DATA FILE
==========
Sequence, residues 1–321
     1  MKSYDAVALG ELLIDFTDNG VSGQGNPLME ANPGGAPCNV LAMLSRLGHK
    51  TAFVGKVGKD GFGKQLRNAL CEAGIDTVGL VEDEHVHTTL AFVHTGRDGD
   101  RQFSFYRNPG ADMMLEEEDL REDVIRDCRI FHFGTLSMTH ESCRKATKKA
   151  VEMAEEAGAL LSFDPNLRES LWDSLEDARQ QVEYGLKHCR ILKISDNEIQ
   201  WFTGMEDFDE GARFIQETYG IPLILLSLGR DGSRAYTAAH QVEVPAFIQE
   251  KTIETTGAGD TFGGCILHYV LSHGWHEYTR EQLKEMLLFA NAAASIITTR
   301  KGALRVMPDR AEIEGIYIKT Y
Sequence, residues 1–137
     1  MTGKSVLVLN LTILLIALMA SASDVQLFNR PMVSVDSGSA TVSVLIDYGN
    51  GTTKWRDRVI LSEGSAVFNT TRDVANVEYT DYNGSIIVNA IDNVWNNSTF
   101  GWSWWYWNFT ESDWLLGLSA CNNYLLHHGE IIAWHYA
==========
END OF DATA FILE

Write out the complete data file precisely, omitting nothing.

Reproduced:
Sequence, residues 1–321
     1  MKSYDAVALG ELLIDFTDNG VSGQGNPLME ANPGGAPCNV LAMLSRLGHK
    51  TAFVGKVGKD GFGKQLRNAL CEAGIDTVGL VEDEHVHTTL AFVHTGRDGD
   101  RQFSFYRNPG ADMMLEEEDL REDVIRDCRI FHFGTLSMTH ESCRKATKKA
   151  VEMAEEAGAL LSFDPNLRES LWDSLEDARQ QVEYGLKHCR ILKISDNEIQ
   201  WFTGMEDFDE GARFIQETYG IPLILLSLGR DGSRAYTAAH QVEVPAFIQE
   251  KTIETTGAGD TFGGCILHYV LSHGWHEYTR EQLKEMLLFA NAAASIITTR
   301  KGALRVMPDR AEIEGIYIKT Y
Sequence, residues 1–137
     1  MTGKSVLVLN LTILLIALMA SASDVQLFNR PMVSVDSGSA TVSVLIDYGN
    51  GTTKWRDRVI LSEGSAVFNT TRDVANVEYT DYNGSIIVNA IDNVWNNSTF
   101  GWSWWYWNFT ESDWLLGLSA CNNYLLHHGE IIAWHYA